The title pretty much gives it away. However, when I was young (like 12 or 13) and viewing the episode for the first time, I totally didn't see it coming.
Fifty years after its original broadcast, "Third From the Sun" still manages to be completely entertaining, despite what amounts to an obvious surprise ending. Fritz Weaver, Joe Maross, and Edward Andrews star (all three of them, incidentally, would appear in later TZ episodes) in an episode written by Rod Serling, based on a Richard Matheson short story (this time around, Serling is much more faithful to the source material than the last Matheson adaptation, detailed here). Richard L. Bare directs. The underscore is made up almost entirely of selections from Bernard Herrmann's "Outer Space Suite," a collection of musical cues which would be utilized in several future Twilight Zone episodes.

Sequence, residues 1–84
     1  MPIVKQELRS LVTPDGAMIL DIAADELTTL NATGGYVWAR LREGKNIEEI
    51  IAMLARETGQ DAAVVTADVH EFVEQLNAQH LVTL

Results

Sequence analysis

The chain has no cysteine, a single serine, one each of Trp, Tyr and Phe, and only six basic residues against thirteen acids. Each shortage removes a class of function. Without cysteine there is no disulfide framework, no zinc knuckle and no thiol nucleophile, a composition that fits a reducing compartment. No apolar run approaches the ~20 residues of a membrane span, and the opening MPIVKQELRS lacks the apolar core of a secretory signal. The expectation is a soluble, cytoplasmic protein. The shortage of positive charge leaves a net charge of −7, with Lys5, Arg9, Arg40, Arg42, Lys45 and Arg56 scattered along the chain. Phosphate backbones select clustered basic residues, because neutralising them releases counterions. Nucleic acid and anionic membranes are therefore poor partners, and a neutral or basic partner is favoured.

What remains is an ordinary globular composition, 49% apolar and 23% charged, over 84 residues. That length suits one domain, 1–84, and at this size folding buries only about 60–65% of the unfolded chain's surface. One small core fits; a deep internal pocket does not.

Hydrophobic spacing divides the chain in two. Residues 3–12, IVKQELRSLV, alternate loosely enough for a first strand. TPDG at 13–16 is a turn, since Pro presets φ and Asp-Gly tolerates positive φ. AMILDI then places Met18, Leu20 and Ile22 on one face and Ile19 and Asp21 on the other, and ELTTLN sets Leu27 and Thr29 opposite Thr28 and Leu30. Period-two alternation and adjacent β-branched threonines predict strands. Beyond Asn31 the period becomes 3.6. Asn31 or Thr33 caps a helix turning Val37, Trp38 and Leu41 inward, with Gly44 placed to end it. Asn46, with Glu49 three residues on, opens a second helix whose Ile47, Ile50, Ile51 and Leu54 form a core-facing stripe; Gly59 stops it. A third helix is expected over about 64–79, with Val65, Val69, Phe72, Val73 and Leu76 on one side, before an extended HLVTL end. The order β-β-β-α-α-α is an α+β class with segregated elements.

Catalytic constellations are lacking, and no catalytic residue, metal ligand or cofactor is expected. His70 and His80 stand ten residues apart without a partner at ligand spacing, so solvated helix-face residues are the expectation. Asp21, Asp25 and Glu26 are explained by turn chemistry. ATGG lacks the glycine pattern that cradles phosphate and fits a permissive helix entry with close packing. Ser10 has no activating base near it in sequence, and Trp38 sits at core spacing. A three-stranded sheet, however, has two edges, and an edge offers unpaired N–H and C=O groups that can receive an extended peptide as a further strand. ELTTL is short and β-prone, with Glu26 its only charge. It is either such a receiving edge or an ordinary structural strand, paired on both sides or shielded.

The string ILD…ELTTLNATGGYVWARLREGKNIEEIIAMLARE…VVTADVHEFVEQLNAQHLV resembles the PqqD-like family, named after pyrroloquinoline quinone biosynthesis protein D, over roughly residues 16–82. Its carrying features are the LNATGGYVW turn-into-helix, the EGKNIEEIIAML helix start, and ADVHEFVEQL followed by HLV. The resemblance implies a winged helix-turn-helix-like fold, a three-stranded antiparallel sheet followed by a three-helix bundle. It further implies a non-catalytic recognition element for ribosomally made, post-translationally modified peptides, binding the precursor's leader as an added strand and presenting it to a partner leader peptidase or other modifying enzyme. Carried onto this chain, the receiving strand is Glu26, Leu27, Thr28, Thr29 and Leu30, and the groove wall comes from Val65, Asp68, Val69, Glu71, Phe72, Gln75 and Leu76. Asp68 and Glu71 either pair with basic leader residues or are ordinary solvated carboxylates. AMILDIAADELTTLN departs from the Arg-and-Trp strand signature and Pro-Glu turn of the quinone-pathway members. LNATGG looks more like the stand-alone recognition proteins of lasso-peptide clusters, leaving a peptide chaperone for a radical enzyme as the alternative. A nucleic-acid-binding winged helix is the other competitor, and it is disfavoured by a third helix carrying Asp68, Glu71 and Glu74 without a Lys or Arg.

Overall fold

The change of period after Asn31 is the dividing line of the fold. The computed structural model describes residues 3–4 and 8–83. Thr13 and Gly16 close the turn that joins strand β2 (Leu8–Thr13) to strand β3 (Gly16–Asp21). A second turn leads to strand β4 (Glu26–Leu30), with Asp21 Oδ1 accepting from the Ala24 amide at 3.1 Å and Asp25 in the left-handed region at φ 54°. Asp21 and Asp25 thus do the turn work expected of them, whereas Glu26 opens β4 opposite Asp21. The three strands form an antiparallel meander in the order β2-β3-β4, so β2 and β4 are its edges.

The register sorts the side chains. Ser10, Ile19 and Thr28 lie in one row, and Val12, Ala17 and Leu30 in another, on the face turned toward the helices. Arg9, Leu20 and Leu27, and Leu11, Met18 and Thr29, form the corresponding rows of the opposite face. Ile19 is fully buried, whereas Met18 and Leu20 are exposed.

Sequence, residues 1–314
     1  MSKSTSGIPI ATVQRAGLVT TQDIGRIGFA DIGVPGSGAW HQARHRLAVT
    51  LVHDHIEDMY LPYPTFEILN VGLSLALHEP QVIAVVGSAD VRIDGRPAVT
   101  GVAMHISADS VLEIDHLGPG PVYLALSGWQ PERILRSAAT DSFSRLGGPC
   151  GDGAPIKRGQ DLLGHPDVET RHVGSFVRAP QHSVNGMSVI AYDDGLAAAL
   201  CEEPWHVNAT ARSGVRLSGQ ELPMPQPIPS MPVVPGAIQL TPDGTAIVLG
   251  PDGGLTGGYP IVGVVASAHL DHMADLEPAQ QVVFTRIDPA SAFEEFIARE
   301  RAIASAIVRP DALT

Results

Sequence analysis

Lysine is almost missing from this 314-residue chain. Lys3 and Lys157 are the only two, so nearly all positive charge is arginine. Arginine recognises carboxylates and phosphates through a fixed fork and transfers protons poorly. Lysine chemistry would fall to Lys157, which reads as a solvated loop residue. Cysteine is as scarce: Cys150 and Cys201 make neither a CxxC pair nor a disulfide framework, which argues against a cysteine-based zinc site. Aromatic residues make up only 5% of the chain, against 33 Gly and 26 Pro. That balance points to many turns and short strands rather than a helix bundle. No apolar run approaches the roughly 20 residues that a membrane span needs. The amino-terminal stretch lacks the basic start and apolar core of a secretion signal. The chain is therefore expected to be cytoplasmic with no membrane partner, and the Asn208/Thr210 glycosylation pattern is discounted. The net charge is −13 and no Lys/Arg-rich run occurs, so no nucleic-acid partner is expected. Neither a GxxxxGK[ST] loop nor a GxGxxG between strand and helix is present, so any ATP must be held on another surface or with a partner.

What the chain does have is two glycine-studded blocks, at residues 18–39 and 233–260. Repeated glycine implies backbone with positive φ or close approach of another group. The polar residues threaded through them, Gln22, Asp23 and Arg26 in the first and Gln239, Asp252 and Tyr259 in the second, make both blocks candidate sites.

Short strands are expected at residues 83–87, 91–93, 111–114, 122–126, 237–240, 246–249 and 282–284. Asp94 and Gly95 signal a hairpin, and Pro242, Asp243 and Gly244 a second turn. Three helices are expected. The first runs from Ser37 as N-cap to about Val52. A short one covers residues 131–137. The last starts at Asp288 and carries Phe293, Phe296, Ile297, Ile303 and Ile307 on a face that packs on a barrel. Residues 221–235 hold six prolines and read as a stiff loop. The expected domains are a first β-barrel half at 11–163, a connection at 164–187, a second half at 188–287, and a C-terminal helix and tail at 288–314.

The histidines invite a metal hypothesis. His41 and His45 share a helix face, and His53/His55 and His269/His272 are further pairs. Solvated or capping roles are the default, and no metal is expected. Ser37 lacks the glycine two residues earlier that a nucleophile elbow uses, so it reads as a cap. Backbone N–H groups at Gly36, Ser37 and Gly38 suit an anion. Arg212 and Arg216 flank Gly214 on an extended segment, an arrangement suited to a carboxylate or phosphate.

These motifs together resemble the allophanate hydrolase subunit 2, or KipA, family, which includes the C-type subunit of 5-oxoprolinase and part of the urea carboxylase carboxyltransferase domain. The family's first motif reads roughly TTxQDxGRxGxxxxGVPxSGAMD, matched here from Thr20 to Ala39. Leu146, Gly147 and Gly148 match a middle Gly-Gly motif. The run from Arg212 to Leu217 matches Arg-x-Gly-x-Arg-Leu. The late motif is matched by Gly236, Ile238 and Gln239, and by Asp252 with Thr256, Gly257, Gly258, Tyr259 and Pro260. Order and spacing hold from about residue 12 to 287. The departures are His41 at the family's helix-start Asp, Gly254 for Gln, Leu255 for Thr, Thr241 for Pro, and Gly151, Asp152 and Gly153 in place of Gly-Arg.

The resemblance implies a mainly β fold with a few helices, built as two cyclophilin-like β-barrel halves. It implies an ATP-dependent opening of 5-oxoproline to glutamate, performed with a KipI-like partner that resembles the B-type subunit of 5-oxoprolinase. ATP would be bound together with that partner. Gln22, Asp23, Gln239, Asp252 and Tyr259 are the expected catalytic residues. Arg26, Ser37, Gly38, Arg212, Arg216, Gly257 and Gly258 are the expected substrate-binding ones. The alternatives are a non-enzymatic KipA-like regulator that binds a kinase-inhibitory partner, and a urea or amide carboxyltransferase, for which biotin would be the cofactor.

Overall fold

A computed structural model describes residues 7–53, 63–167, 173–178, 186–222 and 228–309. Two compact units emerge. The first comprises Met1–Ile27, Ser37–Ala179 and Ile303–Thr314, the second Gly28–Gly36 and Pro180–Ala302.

The episode features ingenious cinematography work from DOP Harry Wild, who fills the frame with odd angles and unconventional camera set-ups. This in and of itself is strange, since George T. Clemens was the DOP on almost every TZ episode throughout its five year run. I can't find anything documenting why Clemens didn't work on this episode... maybe he was sick that week? I dunno.
This episode also marks the first appearance of the flying saucer from Forbidden Planet. This particular prop would go on to appear in many Twilight Zone episodes, most notably season four's "Death Ship" (one of my all-time favorites).